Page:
Alligator-Derived Hyaluronic Acid: Bacteriostatic and Fungastatic Properties Against Pathogens
Non-healing wounds are often stalled in the inflammatory phase and considered hard-to-heal or chronic wounds when healing is delayed for over 4 weeks, and up to more than three months. The longer it takes these wounds to heal poses a severe risk for a polymicrobial infection which can stall the wound even further in the inflammatory phase and is concomitant with a higher incidence of lower extremity amputation and mortality.
Hyaluronic acid has been utilized in wound care to replenish and stabilize the extracellular matrix in a chronic wound bed. Hyaluronic acid has also been shown to protect stem cells, growth factors, and cytokines required for cell proliferation and angiogenesis. Considering that alligator tissues have been found to have bacteriostatic and fungistatic properties, it is possible that alligator-derived hyaluronic acid may play a critical role in reducing the bioburden to promote chronic wound healing.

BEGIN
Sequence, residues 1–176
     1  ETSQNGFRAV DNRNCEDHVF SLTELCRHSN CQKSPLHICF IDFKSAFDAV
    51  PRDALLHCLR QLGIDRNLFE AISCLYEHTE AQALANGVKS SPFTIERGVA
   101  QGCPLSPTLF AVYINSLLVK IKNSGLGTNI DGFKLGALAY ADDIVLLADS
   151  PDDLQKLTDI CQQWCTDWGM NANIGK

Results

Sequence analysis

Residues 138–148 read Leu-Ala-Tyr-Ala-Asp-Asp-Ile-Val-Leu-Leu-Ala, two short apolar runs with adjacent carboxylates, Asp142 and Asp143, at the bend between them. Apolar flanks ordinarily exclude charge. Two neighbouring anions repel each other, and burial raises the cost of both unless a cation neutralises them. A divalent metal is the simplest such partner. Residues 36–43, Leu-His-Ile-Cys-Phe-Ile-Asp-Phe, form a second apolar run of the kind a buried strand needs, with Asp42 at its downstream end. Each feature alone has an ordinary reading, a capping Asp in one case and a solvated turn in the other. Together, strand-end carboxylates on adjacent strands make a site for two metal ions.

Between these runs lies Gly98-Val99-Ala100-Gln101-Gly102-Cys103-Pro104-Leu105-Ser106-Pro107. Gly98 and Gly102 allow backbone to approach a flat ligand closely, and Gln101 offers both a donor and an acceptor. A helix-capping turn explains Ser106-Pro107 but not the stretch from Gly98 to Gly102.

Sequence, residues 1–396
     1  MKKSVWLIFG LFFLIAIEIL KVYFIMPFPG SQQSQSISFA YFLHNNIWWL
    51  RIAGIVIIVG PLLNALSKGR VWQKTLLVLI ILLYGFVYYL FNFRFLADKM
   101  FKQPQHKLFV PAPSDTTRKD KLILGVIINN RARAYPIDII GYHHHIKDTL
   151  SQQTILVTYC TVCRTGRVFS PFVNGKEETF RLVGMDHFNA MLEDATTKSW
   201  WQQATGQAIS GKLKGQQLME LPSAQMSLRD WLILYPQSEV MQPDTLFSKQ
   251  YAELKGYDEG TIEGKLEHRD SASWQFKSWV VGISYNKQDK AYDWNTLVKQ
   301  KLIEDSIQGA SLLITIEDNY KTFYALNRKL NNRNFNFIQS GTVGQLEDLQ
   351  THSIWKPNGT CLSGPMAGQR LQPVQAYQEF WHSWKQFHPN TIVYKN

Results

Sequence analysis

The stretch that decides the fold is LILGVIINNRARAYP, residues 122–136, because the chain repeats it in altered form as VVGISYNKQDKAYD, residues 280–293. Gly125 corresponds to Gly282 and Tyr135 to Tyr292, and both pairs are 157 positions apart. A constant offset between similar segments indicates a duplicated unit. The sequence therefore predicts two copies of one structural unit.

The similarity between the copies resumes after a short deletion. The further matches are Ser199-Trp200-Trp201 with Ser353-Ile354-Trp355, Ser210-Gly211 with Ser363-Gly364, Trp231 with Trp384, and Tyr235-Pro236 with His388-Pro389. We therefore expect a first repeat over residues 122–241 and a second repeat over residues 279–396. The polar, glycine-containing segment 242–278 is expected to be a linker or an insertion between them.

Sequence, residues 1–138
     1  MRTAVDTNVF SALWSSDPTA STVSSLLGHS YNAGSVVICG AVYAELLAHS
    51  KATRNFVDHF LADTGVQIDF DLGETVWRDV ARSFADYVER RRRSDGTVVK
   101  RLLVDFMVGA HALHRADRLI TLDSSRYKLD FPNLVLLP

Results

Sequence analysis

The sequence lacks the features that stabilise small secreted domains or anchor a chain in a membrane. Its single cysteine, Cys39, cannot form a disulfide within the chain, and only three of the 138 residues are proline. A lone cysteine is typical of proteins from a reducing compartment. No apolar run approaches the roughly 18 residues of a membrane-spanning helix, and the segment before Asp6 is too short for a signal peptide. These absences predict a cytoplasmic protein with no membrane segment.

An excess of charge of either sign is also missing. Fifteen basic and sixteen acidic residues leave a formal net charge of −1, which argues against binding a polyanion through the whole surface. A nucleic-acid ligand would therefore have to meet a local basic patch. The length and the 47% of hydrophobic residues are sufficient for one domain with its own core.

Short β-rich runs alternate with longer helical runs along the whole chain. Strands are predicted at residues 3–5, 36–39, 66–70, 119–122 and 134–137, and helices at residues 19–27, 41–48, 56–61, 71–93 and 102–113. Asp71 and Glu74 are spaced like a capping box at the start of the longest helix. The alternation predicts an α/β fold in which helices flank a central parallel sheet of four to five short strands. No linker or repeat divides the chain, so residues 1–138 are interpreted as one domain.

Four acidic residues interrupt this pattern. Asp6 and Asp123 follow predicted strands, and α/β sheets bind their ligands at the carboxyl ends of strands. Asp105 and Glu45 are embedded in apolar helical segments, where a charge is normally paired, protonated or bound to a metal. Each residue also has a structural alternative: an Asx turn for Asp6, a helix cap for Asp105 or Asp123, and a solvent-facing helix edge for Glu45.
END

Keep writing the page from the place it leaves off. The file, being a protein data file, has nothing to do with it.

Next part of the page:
In the paper “Alligator-Derived Hyaluronic Acid: Bacteriostatic and Fungastatic Properties Against Pathogens” published in Wound Masterclass journal, our Product Development Laboratory team worked with Dr. Swathi Balaji of Texas Children’s Hospital, Dr. Thomas Serena of SerenaGroup, and Ted Bundrick of Lacerta Life Sciences, to provide evidence that alligator-derived hyaluronic acid can act on the inflammatory phase of wound healing.
The list of Alira Health’s contributors include:
- Mitch Sanders, PhD, Chief Scientific Officer
- Mia Hanna, Research Associate III, Project Manager
- Vanessa Vu, Research Associate I
- Lindsay Poland, Scientist III, Lab Operations Mgr.
The paper “Alligator-Derived Hyaluronic Acid: Bacteriostatic and Fungastatic Properties Against Pathogens” is available on page 60 of Volume 1: Issue 3 (December 2022) of Wound Masterclass.